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Dylan Scott

Dylan Scott is a reporter for Talking Points Memo. He previously reported for Governing magazine in Washington, D.C., and the Las Vegas Sun. His work has been recognized with a 2013 American Society of Business Publication Editors award for Best Feature Series and a 2010 Associated Press Society of Ohio award for Best Investigative Reporting. He can be reached at dylan@talkingpointsmemo.com.

Articles by Dylan

Obamacare sign-ups were on track to hit 7 million as the clock neared midnight Monday, the deadline for enrolling in private coverage under the law.

On its own, the number is largely meaningless. The law wasn't going to succeed or fail in the long term if it hit or missed that mark, which the Congressional Budget Office originally projected enrollment would hit before saying the number would probably be lower after the law's troubled launch in October.

But the gigantic surge in Obamacare's final month does suggest something important: People must really want health insurance.

By sheer numbers, March was an unqualified success. About 2.8 million Americans signed up for coverage, 1 million more than December, the previous record month. In the last five days alone, 1 million people enrolled -- more than twice as many as enrolled in October and November combined.

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For the first time, the Washington Post-ABC News poll has found more Americans support Obamacare than oppose it.

The poll, released Monday, the law's enrollment deadline, found 49 percent of Americans support the law and 48 percent oppose it. It was the first time, dating back to August 2009, that support outweighed opposition in the poll.

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UPDATE, 5:43 p.m. ET

The Obama administration offered another update on web traffic late Monday afternoon.


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The federal Obamacare website is experiencing "record volume" Monday, the deadline for enrolling in coverage, the Obama administration said.

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You probably hear a lot of numbers about Obamacare: 6 million people have enrolled since October, but wasn't it supposed to be 7 million? How many states are using HealthCare.gov? How much is all of this going to cost?

To make things simpler as the law's first open enrollment period comes to a close, here are the numbers you should know to understand Obamacare.

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Looks pretty bad, doesn't it? According to this Fox News graphic, Obamacare enrollment is falling far short of the pre-launch goals. It's not even close.

Of course, that's because their graphic wizards have obliterated any semblance of proportion to make it look like 6 million is somehow one-third of 7 million.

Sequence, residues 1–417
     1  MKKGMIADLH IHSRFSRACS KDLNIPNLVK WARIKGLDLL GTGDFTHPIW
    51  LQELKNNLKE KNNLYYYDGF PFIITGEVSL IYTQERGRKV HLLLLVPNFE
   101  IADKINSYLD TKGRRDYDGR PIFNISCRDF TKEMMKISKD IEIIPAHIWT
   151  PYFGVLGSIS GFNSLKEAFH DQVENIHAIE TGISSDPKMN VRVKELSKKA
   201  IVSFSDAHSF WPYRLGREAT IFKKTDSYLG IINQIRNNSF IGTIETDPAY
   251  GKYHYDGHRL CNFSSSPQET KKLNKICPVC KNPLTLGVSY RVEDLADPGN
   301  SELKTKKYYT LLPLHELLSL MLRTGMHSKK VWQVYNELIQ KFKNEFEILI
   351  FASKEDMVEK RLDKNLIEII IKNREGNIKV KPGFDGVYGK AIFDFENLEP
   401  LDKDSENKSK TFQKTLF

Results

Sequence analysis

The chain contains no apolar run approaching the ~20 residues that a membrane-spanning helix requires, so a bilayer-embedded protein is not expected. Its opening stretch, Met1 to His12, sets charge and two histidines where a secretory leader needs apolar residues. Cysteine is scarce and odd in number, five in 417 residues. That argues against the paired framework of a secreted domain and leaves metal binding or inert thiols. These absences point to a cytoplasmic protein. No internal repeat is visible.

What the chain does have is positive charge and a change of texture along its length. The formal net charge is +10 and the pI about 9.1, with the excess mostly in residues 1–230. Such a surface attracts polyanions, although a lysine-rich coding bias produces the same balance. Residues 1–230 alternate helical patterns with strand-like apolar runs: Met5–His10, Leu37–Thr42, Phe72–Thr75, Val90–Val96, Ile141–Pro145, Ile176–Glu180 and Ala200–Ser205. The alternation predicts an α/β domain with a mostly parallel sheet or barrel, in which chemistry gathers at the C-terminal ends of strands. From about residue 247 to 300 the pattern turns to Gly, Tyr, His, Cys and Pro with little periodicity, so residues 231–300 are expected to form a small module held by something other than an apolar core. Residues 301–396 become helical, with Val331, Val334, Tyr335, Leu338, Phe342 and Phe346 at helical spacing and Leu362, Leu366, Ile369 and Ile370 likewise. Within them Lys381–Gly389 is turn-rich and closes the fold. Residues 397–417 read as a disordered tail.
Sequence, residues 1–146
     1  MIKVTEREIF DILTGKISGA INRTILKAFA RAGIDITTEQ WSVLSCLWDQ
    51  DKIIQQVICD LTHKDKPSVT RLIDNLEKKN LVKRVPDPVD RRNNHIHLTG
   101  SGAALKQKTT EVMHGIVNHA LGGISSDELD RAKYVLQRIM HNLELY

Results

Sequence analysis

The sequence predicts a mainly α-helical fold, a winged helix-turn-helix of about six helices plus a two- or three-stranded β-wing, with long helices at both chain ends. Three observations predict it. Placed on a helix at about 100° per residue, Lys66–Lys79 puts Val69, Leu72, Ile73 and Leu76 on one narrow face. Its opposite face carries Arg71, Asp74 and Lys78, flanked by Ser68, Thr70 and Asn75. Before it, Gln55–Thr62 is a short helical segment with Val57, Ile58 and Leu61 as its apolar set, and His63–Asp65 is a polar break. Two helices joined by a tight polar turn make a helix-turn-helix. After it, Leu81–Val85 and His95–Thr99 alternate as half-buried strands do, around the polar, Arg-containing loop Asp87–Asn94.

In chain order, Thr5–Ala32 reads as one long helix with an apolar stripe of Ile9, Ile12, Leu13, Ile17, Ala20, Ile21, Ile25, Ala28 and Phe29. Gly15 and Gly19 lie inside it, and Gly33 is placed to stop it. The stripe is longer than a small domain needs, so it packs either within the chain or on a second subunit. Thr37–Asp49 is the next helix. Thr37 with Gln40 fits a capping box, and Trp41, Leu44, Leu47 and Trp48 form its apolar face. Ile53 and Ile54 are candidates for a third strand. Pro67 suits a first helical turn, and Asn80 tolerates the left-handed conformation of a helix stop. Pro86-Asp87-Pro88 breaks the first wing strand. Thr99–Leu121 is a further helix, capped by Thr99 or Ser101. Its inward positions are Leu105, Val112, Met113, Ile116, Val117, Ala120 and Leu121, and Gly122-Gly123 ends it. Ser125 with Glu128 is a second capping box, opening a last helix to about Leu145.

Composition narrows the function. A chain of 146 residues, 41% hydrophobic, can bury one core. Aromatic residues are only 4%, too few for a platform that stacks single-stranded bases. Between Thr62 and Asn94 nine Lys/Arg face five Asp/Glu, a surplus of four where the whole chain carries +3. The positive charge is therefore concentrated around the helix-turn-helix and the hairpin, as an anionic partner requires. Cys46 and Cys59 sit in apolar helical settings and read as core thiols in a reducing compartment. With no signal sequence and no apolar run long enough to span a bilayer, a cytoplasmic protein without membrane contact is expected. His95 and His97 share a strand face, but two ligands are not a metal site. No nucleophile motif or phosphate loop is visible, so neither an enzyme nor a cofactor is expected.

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After a disastrous opening act for its Obamacare marketplace, Maryland is planning to start over from scratch as soon as the first enrollment period ends Monday.

The Washington Post reported that the Maryland marketplace's board will vote Tuesday to hire the firm that built Connecticut's website and bring its technology platform to Maryland.

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About 9.5 million Americans who were previously uninsured have gotten health coverage under Obamacare, according to a new analysis.

The Los Angeles Times reported the number, which combines data from an unpublished study by RAND Corp. with other publicly available figures. It's one of the most comprehensive efforts yet to asses the law's impact on the uninsured as open enrollment comes to a close.

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How much will Obamacare cost?

The law's first open enrollment period (more or less) ends Monday. With it will undoubtedly come much debate about whether it succeeded in signing up enough people. For the time being, that's largely irrelevant. Check back in three years to determine if the insurance market is sustainable, affordable and providing health coverage to the uninsured.

But how the 2014 market shakes out -- and how it affects the 2015 market and beyond -- will help determine the answer to a question that neither party seems all that interested in exploring: How much will Obamacare, at least in the form of tax subsidies that help pay for coverage, actually cost?

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The last few times that the Obama administration has released a new Obamacare enrollment report or announced a new enrollment milestone, a familiar chorus has come up from the right: Those numbers aren't quite right.

It happened again Thursday when the White House proclaimed six million people had signed up for private coverage under the law.

The origin of the criticsm is based in very legitimate questions about the numbers: How many of those people paid their first premium, formally initiating their new coverage? How many were previously uninsured, rather than previously insured people who just moved over to a new plan?

But those are questions the Obama administration says it isn't able to answer yet. Premiums are paid directly to the insurance companies, and the administration says it doesn't yet have accurate information about how many people have paid them. The online application on HealthCare.gov doesn't include a question about an applicant's prior insurance status, which makes that metric difficult to track.

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